SISTERHOOD IN TRANSGENDER TRUCKING
“Getting fired was one of the worst things that ever happened to me,” said Kaylee Seals a former employee of Old Dominion Freight Lines.
Indeed losing a job is one of the most debilitating events. The Equal Employment Opportunity Commission has found merit in Kaylee’s sexual discrimination complaint and opened the door for Kaylee Seal to gain restitution from “Old Dominion”. Kaylee has in fact been placed in severe risk by Old Dominion’s callous behavior.
This holds true for truckers regardless of gender orientation or sexual affinity which has no bearing on our ability to “GET ER DONE”. Our identity and dignity is deeply rooted in living the American truckers life style. Like your CB handle it does not come easily. A truck driver may not go home for months, working and living long hours in the dirt and mud with few creature comfort’s, bad food, little sleep and few friendly faces. You gotta love it to stay with it, cause it ain’t for the money honey. The people in Kaylee’s lawsuit have unfortunately become the norm in our industry. Ms Kaylee is bravely standing up and saying NO, she will not take this. God bless you Kaylee.
But Kaylee is one of many gender diverse truckers.
Sister Kaylee long my you ride! Let her roll! Just for the record!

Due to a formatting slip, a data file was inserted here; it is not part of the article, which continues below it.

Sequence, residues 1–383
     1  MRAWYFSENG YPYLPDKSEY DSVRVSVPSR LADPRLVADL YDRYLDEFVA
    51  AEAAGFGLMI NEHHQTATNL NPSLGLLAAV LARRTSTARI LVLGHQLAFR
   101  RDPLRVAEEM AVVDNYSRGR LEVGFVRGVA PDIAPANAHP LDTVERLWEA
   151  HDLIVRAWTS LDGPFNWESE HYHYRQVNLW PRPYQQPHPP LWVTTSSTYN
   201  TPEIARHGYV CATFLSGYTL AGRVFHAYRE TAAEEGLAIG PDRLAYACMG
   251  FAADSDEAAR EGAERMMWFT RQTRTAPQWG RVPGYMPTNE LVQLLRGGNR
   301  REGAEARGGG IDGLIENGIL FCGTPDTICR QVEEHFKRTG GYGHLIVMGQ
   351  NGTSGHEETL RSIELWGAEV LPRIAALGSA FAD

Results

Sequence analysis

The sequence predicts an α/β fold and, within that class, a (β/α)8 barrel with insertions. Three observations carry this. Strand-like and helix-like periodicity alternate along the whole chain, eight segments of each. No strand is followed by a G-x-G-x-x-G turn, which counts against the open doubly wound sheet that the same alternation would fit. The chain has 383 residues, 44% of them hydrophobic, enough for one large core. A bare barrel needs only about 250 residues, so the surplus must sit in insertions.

The America Civil liberties Union has filed in conjunction with Kaylee Seals a lawsuit naming Old Dominion freight Lines the defendant on the findings of the Equal Employment Commission.
Having received a Notice of Right to Sue from the EEOC, Plaintiff(Seals) now
brings this case to vindicate his right to be free from sex and sex stereotyping discrimination.
The EEOC concluded that,
Sex or conforming to sex stereotypes is not a bona fide occupational
qualification for the position of line haul truck driver.
Defendant’s actions violate Title VII of the Civil Rights Act of 1964.
Defendant’s actions were done with either malice or with reckless
indifference to Plaintiff’s rights under law.
As a result of Defendant’s actions, Plaintiff has suffered, and will continue
to suffer, both economic and non-economic losses, emotional distress and other compensable damages.
By Kelli Busey
June 20, 2008